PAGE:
The phrase “localized marketing” brings to mind a small business working to attract a regional community of customers. Most of us imagine the mom and pop store whose primary focus is to sell to their neighboring clientele. While that may be true to a certain extent, localized marketing is not only for small businesses. Many nationally distributed brands and franchises of varying sizes have local marketing needs, too.
Here’s a look at how localized marketing works for small and large businesses alike.
Localized Marketing: It’s Not Just for Small Businesses
What’s Localized Marketing?
Localized marketing has different meanings to different businesses. But one thing’s for certain: businesses of all sizes can benefit from it.
A localization strategy is about adapting a product or content to a specific location or market. It’s sometimes called an adaptation strategy. The goal is to adapt a product to look like it was specifically created for a target market or location.
Then there are several elements of the localization process when it comes to creating your marketing materials. You may need to:
- Change the verbiage to match the language of that particular location, which may involve adjusting the design and layout of the marketing materials, too.
- Modify any graphics to appeal to the local target market.
- Adjust the content to match the buying habits of different markets.
- Convert currencies or units of measure, if necessary.
- Use the proper local formats for dates, addresses, phone numbers, etc.
- Adhere to local regulations and legalities, if applicable.
Local Marketing Examples
Understanding localized marketing becomes easier when you learn to recognize local strategies in action. These strategies can vary greatly from brand to brand. Here are a few examples to consider:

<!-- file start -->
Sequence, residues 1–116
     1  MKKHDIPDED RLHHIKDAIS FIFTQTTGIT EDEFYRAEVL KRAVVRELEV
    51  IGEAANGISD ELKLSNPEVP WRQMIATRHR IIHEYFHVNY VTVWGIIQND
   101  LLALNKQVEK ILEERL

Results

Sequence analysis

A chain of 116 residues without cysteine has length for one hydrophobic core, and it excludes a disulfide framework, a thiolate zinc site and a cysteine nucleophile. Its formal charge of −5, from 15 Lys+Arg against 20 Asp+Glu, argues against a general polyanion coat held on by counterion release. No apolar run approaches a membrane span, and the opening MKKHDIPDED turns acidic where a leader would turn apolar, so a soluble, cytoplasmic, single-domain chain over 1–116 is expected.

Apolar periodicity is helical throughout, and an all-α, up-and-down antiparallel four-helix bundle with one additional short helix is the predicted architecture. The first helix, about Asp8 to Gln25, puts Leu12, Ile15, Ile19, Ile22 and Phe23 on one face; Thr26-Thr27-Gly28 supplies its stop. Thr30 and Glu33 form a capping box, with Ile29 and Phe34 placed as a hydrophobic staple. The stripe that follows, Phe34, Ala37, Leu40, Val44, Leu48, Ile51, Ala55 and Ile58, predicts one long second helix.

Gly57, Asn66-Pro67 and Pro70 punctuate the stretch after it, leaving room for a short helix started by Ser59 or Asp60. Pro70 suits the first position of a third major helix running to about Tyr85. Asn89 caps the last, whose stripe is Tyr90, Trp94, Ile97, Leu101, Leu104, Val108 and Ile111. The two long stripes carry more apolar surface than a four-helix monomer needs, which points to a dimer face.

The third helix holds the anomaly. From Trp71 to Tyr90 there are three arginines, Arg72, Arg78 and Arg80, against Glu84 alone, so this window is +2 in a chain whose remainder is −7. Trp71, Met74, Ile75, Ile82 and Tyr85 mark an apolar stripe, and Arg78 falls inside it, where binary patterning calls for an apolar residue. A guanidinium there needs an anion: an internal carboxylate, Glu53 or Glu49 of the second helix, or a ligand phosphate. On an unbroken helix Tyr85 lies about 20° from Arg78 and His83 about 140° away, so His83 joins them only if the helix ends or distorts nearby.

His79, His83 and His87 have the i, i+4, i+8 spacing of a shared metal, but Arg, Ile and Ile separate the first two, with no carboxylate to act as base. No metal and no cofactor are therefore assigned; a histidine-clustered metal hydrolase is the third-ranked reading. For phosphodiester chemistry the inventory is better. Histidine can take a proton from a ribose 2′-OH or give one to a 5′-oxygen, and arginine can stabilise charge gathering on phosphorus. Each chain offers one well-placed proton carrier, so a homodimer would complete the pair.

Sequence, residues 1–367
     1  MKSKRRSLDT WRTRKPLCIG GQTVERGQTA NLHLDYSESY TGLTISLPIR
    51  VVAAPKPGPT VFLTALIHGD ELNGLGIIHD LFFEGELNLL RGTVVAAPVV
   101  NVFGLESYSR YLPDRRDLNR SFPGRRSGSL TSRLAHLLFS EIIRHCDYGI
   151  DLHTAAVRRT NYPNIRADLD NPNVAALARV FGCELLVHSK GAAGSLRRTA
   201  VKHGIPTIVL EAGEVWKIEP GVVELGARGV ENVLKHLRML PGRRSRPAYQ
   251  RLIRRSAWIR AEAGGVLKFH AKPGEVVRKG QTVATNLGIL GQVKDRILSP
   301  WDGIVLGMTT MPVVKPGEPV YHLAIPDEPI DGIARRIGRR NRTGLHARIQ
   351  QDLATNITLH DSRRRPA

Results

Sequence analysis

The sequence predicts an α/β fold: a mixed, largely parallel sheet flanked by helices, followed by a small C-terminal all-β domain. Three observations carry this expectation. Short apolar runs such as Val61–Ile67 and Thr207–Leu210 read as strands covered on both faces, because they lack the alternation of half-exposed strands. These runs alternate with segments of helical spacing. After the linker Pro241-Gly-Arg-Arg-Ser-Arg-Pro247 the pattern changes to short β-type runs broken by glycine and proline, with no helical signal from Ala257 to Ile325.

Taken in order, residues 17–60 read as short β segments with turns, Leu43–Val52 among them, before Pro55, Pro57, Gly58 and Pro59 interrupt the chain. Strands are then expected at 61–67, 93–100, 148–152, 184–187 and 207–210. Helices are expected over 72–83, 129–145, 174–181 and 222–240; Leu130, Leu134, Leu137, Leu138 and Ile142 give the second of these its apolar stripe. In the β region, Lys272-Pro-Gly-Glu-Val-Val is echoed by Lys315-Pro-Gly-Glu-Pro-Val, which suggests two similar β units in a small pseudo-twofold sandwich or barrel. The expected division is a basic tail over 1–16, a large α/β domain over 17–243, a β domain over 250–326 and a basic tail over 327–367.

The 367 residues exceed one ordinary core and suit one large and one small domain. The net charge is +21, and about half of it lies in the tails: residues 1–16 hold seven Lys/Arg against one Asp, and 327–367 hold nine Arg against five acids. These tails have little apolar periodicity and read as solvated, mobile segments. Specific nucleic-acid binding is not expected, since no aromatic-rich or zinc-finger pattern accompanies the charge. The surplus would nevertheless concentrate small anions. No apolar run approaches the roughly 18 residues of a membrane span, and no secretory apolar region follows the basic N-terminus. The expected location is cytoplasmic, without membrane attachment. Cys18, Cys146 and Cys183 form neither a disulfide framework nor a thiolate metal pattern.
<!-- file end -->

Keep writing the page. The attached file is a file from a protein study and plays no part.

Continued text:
Airbnb is a global brand that relies heavily on localization strategy. The online marketplace and hospitality service even has a localization team to attend to their needs. User profiles display in the local language and there’s a translate button that lets other users choose their preferred prose. Customer service and payment options also allow for localizing.
Netflix isn’t afraid to experiment with innovative new localization strategy models, either. In fact, their goal is world domination. Really. They developed a localized user interface (UI) that’s been a huge part of their success.
Wahlburgers is the brainchild of chef Paul Wahlberg, the lesser-known brother of entertainers Donny and Mark Wahlberg. The family-inspired restaurant franchise now has over 25 locations in the US and Canada, one of which is in Pittsburgh, PA. At this particular restaurant, they “localized” a menu option via a smashed pierogi burger. Pierogis are a Pittsburgh staple—hence the idea for a sandwich that would provide optimal appeal for their local customers.
Everywhere you look, you can find examples of localized marketing in action. Nike created designer shoes specifically for their Chinese customers in Beijing, Shanghai, and Guangzhou. Coca-Cola came up with a “think local, act local” marketing strategy that featured localized messaging on the bottles of their soft drinks.
By understanding the unique needs and cultural preferences of local buyers, you can cater to those preferences. That’s localized marketing at its best.
Developing a Local Digital Marketing Strategy
In the online realm, localized marketing involves optimizing your website and advertising efforts to help increase in-store traffic. You can’t just add some location-specific keywords to your e-commerce shop’s products and think that’s all you need to do, however. You need to “hyper-localize.” This is not merely a popular retail marketing buzzword. It has validity in its meaning.
Take a personal, targeted approach with your potential customers in a small, geographically defined community.
According to Think With Google, nearly one-third of all mobile searches relate to location. We can thank Google’s advanced algorithm for that. When someone performs a search on their mobile device, their location reveals local, relevant businesses. This is helpful if someone is “out and about” and they’re searching for the nearest hamburger joint, trendy cafe, or indie bookstore. Or maybe they’re searching for a particular product and your store has that product. They’ll receive an alert that they can get it at your store, which happens to be 1.8 miles from their current location.
Attract Local Customers to Your Business
By the year 2021, mobile devices alone will influence $1.4 trillion in local sales. Google My Business allows you to show up in search results when customers are looking for you (or businesses like yours) on Google Search and Google Maps. Best of all, it’s free. This is a great way to capture the attention of customers near you, even if they’ve never heard of your business before.